Yes, it's that time in my life when I decided to finally get a credit card. This thread isn't to berate me for deciding to get one, or to convince me otherwise.
I'm trying to decide which card is the best to go with. I've already checked with the bank I use for my checking, and their interest rates are 0% for the first 6 months, but around 20% or so after that (with a clause stating they reserve the right to go even up to 29.9%!).
To me, that's way too high, and I'm not willing to pay almost 1/3 of my money just for a convenience. So here's a little info:
I'm a student (college)
Live at home
I'm pretty sure I don't really have any credit
I live in NY (not the city, but upstate).
Hopefully somebody here has some experience with credit cards.
Get a parent or someone who you trust (a lot) and have them get a card with you are a co-signer. In this you can get a better APR, while it still boosts your credit score. This point in your life you need to start building credit. Any credit at this point if important.
I'd also recommend getting a few "store" cards, such as Wal-Mart, The Home Depot, Sears, Target etc... Start with one.. put about $20.00 on it every month or so, but make sure to pay it off. Then go to the next card, put $20.00 on it every so month.. etc.. etc...
With you having no credit, you can apply for a very high APR student credit card. But at this time I would strongly recommend boosting your credit score before you get a credit card with an APR higher than 15%. I would recommend anything below 15% APR with no annual payments.
I was semi-smart when I was younger (17) and had my parents put me on 2 of their credit cards as a co-signer. When they did some refinancing they put me down as a co-signer on my first car. Since I really didn't have much credit the bank would not give me a loan for the car. So my parents got the loan and then put me on as a co-signer. Doing this into my early 20's.. then doing business loans etc... is why I have such a very high credit score now.
Its just making you sure you pay your bills on time, getting a good amount of loans, a mortgage, and a few store cards.. your credit store should be high in a few years.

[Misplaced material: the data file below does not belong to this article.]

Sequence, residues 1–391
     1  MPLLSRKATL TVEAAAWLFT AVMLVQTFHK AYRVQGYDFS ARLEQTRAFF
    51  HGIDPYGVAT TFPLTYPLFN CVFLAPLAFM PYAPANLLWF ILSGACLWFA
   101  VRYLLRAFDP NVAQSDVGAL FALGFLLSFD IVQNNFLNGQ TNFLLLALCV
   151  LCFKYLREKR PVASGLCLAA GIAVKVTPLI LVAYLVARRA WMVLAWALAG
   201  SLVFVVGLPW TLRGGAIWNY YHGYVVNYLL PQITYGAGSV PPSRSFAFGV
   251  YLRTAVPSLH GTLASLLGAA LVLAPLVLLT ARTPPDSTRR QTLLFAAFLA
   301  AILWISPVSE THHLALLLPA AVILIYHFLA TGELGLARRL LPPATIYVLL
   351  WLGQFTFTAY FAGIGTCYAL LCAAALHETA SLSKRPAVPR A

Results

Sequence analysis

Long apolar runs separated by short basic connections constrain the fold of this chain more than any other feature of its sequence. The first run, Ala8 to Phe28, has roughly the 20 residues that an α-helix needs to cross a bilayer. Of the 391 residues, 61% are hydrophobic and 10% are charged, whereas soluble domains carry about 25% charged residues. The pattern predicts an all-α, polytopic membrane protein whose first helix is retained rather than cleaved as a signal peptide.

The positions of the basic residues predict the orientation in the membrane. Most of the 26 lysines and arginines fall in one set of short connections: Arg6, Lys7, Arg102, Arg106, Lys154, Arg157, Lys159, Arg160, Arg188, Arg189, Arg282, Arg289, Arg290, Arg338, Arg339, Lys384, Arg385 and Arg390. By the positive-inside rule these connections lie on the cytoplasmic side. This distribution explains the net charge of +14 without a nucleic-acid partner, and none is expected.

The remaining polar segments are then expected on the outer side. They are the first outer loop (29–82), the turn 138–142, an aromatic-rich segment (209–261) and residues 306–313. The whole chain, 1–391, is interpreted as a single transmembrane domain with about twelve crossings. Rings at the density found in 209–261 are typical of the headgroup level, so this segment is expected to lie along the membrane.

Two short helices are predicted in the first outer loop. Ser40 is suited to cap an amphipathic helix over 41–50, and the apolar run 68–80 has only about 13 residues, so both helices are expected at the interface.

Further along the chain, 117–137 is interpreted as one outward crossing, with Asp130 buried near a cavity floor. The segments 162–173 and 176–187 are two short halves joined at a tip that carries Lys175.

By doing this method I got my GF credit score of below 300 to over 730 in just 2 years.
Last edited by JRSEOMarketing; 03-04-2008 at 04:55 PM.
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Did I emphasize that enough? OK, here goes one more time, with feel:
Be careful managing credit!
As PinkFloydWS said, your best option is to start low, with one or two store credit cards. Don't stretch it beyond that. The idea is to BUILD credit by making payments. They want you to show that you are able to manage your debt and that you are CONSISTENT with making payments. NEVER miss a single payment. NEVER pay just the minimum amount.
You can then take on larger responsibilities using credit cards, get financing for loans etc.
Age is a factor - when you're young rates are high, when you don't have credit history rates are high and limits are low. My credit history goes back only 10 years (as much as I've lived in the US) but nowadays my credit score is in the top 1% of the population.
PS. A good friend of mine lives in Binghampton, NY. How's the weather up there?
Why do you want a credit card? Are you wanting to have one in case of emergencies - but tend to pay off as soon as the payment is due?
Or do you want one and then intend on just paying the minimum? Sure, there is a lot to consider when getting a credit card. Those APR fees - the can (and usually) will go up to the highest stated if you miss one payment. This year - it is the Credit Card Holders Bill of Rights. You might check out Truth About Credit as well to help you make sure that you read the fine print.
And go get your free credit report - I think it is Annual Credit Report. You are entitled to one free credit report each year and depending more on your location you are probably entitled to your credit report if you are denied credit. But knowing what is on your credit report before choosing is crucial. If you have a friend that works at a local store that is able to pull your report - don't ask them to. This will go against you as far as your credit score is concerned.
NEVER be a cosigner on anyone's card. I almost cried reading that advice. Lets say something drastic happened to PinkFloyd's parents. One got sick, and had huge medical bills that they couldn't escape. They file bankruptcy - that leaves their son entirely liable for the charges on the credit card. I would NEVER cosign for anyone. There's a reason why they NEED a cosigner, because they haven't proved their ability to responsibly manage their credit usage.
With that said, I highly recommend getting a secured credit card. You can get like a $200 secured card from your bank, use it as an overdraft protection on your bank account, and a little fun money, when you go out. What a secured card is, is that you "Front" the money... it's essentially like a gift card, only it still reports on your credit report, and helps you build credit. You can't get into debt with it.
If you desperately want a credit card, I would recommend starting out at a place like Chase, or CapitalOne. They're very reputable, and are willing to give out credit to younger users. Both I believe offer student credit cards, so that even further increases your chances of getting a credit card.
Just be careful with your credit card spending and keep track of your finances at all times. Don't spend what you don't have and you'll never get into trouble. For a list of credit cards to compare check out http://www.thecardlist.com. Since you live at home talk to your parents about it too.
Bank of America has been good about keeping my 9.9% fixed rate fixed. CapitalOne gave me a "fixed" 9.9% several years ago that began creeping up. When it went up to 14.9% I called to cancel, and they gave me 7.9%. Of course the fact that I had my balance paid down to zero may have helped.